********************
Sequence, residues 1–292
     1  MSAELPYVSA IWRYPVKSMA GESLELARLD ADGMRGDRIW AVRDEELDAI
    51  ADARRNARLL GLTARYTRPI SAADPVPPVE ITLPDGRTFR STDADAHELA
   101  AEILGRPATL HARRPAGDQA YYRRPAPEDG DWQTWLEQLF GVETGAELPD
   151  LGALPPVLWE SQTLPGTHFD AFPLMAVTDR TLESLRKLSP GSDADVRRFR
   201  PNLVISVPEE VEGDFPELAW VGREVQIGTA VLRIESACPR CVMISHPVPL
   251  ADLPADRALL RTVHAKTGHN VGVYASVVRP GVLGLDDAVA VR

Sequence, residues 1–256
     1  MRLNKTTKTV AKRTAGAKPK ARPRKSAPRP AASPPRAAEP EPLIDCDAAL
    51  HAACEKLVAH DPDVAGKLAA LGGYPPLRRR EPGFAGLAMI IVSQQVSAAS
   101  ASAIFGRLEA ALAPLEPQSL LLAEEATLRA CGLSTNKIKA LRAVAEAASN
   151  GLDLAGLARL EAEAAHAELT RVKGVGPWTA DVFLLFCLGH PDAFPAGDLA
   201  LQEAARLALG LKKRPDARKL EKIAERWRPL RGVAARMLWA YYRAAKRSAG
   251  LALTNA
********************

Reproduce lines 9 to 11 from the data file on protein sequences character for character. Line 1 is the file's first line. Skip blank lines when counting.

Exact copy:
     1  MRLNKTTKTV AKRTAGAKPK ARPRKSAPRP AASPPRAAEP EPLIDCDAAL
    51  HAACEKLVAH DPDVAGKLAA LGGYPPLRRR EPGFAGLAMI IVSQQVSAAS
   101  ASAIFGRLEA ALAPLEPQSL LLAEEATLRA CGLSTNKIKA LRAVAEAASN